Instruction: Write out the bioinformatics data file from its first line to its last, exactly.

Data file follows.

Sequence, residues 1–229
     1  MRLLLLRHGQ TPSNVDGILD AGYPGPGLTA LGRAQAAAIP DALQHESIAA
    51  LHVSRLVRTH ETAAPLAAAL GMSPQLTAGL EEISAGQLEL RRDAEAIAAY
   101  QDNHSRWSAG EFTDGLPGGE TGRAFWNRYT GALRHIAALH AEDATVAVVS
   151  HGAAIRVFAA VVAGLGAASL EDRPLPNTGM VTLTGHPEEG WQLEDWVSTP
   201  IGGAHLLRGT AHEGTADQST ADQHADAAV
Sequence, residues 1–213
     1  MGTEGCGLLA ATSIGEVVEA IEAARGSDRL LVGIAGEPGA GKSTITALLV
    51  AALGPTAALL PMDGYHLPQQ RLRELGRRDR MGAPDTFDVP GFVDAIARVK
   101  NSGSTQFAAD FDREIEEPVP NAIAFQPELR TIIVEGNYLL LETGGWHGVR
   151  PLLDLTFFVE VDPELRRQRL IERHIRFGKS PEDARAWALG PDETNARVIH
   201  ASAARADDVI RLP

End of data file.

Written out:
Sequence, residues 1–229
     1  MRLLLLRHGQ TPSNVDGILD AGYPGPGLTA LGRAQAAAIP DALQHESIAA
    51  LHVSRLVRTH ETAAPLAAAL GMSPQLTAGL EEISAGQLEL RRDAEAIAAY
   101  QDNHSRWSAG EFTDGLPGGE TGRAFWNRYT GALRHIAALH AEDATVAVVS
   151  HGAAIRVFAA VVAGLGAASL EDRPLPNTGM VTLTGHPEEG WQLEDWVSTP
   201  IGGAHLLRGT AHEGTADQST ADQHADAAV
Sequence, residues 1–213
     1  MGTEGCGLLA ATSIGEVVEA IEAARGSDRL LVGIAGEPGA GKSTITALLV
    51  AALGPTAALL PMDGYHLPQQ RLRELGRRDR MGAPDTFDVP GFVDAIARVK
   101  NSGSTQFAAD FDREIEEPVP NAIAFQPELR TIIVEGNYLL LETGGWHGVR
   151  PLLDLTFFVE VDPELRRQRL IERHIRFGKS PEDARAWALG PDETNARVIH
   201  ASAARADDVI RLP